12th Night Giveaway: Day 8

My husband had hair just like that, I swear.

My husband had hair just like that, I swear.

These days, it’s unusual to see a popular movie or television show without some sort of merchandising tie-in. The Star Wars franchise made the practice into an art form, but even in decades previous there were Lone Ranger lunch boxes, Batman coloring books, Shirley Temple dolls and Little Orphan Annie decoder rings. People love to find ways to bring the characters and performers they love into their daily lives, and while it’s easy to get jaded about this part of human nature when it intersects with the equally human desire for “great gain,” it’s a boon for those of us with the collecting gene.

Which is why we have this.

Which is why we have this.

I must confess, I have been tempted several times to just keep today’s prize for myself. It is that cool. An early example of a Sherlock Holmes media tie-in. When this book was printed, William Gillette was the face of Sherlock Holmes, and publicity stills from his play serve as illustrations. This was no doubt a primary draw for some fans. One can, however, imagine some of the older set (who had read Holmes in the original Beeton’s) grumping that Mr. Gillette is too attractive to truly be the Great Detective, and that they prefer Paget. Or Gutschmidt. Or Charles Doyle. Ok, probably not him.

Unfortunately, the book is not the novelised version of Gillette’s play. Or rather, fortunately, for if it had been, I would have kept it.

For, um...my museum....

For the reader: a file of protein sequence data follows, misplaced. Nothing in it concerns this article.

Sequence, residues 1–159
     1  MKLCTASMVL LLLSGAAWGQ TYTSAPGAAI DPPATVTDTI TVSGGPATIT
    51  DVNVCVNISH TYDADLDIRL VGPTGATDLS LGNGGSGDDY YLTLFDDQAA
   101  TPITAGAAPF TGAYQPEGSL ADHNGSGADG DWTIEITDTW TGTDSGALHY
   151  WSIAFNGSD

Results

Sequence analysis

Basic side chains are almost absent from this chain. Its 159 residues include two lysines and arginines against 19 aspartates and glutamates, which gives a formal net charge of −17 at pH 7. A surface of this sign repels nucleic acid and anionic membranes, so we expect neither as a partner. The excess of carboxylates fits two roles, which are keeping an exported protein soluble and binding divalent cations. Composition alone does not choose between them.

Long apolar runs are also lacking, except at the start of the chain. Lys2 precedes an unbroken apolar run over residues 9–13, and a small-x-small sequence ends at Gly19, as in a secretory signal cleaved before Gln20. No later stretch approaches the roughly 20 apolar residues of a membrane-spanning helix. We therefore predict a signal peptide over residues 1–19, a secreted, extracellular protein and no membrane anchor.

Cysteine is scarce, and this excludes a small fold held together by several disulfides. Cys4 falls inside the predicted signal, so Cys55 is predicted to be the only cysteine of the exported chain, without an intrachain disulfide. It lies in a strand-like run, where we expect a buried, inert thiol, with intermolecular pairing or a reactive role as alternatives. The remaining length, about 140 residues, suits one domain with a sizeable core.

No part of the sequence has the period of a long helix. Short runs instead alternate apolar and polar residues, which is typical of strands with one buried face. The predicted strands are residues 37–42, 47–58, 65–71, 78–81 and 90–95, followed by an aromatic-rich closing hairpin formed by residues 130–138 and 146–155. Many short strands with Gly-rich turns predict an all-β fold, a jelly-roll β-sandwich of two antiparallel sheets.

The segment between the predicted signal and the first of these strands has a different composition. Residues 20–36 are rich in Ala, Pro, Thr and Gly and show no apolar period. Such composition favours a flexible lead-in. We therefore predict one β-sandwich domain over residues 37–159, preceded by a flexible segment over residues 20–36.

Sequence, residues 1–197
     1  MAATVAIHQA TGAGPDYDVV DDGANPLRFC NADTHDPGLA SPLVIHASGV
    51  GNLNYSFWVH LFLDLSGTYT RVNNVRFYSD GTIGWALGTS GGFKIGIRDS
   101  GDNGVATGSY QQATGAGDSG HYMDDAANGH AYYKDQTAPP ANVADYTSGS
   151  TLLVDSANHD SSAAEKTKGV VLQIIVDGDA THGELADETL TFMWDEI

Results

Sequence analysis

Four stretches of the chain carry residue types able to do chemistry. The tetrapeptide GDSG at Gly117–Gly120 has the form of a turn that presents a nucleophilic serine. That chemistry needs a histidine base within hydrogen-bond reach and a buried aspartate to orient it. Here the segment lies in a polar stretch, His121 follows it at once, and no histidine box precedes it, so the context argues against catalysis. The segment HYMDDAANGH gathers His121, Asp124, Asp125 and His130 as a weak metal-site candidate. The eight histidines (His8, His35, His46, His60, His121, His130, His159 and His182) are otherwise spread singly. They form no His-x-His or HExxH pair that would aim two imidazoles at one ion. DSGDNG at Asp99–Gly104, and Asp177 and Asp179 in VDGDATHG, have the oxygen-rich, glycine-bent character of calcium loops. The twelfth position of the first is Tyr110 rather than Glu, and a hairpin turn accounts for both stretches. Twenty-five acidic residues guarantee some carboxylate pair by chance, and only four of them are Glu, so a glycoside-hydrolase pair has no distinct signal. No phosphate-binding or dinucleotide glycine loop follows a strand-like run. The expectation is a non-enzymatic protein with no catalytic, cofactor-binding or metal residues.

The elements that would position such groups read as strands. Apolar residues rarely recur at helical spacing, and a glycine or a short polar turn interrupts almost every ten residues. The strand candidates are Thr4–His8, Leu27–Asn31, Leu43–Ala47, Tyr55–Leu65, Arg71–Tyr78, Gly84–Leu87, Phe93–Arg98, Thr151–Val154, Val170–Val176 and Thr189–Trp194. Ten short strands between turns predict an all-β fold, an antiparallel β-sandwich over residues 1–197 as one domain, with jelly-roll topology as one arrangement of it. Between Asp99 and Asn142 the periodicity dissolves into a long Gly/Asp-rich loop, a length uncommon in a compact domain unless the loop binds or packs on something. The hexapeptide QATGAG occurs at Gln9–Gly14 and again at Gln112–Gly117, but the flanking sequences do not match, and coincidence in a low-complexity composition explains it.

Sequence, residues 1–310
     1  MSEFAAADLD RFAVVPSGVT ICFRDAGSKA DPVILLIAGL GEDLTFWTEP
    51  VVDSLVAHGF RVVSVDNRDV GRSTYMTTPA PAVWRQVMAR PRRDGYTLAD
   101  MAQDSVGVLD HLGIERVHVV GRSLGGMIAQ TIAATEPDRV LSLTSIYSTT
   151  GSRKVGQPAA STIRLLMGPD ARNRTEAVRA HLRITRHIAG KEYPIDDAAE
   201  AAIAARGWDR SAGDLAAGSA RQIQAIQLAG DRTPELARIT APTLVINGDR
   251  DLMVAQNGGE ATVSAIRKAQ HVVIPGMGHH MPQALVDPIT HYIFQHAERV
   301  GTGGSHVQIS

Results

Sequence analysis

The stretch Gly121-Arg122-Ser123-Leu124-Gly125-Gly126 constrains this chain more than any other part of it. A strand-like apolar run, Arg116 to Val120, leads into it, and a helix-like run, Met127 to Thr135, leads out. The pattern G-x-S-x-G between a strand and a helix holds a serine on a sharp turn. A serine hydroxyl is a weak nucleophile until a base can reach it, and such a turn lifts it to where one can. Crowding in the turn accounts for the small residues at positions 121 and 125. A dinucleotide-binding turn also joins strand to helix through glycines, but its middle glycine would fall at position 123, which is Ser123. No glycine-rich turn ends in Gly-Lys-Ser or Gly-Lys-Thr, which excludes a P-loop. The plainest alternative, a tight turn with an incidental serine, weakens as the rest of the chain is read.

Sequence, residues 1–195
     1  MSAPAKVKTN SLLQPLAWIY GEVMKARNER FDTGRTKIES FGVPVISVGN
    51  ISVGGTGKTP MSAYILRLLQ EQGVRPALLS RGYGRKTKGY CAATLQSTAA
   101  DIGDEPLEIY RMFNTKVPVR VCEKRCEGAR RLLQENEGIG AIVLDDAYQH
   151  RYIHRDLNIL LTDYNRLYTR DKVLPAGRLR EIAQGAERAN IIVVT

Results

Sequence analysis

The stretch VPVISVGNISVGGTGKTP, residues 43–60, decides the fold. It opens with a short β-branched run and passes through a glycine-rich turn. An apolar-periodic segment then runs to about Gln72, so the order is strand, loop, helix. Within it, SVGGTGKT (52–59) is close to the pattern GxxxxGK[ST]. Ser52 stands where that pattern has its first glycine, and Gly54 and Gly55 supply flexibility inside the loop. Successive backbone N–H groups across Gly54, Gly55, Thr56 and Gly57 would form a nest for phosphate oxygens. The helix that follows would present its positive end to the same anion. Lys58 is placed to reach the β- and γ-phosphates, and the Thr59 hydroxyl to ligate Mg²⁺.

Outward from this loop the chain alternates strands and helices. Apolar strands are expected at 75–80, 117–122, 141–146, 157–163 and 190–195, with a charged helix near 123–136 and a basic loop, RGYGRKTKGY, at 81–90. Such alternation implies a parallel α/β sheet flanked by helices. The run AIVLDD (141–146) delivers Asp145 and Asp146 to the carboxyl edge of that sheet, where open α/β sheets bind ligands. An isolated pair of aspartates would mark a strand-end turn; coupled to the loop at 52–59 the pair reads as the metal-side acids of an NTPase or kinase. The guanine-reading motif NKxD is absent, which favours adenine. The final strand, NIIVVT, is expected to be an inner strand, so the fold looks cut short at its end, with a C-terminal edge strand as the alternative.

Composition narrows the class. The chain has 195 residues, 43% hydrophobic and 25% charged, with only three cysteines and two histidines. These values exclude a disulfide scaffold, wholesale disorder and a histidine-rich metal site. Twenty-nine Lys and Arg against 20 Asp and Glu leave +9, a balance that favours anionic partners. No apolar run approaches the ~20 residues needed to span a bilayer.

For, um…my museum….

Instead, it’s the novel A Study in Scarlet. But even if the story and the photos don’t completely match, it’s still a wonderful treasure, and I hope you enjoy playing for it.


It’s not in pristine condition. As you can see there is some cover wear, shelf wear, and a small amount of writing on the inside front flyleaf. There is some slight pull-away to the hinges. I can provide photos of this if it is a concern. Here are some inside shots:




The ads in the back are a nice touch, and help to date the book between 1900 (the play debuted in London in November of 1899), and 1917, when the Iron Route advertised closed.

So then, today’s question:


Sherlock Holmes was himself a “fan” of particular performers. If he had a collection, to whom might it have been devoted? (Hint: There are several possible answers).

As always, send your answers in via FaceBook PM, Twitter DM, or blog comment for your chance to win. For full rules, see the blog entry for 20 December. Good luck!

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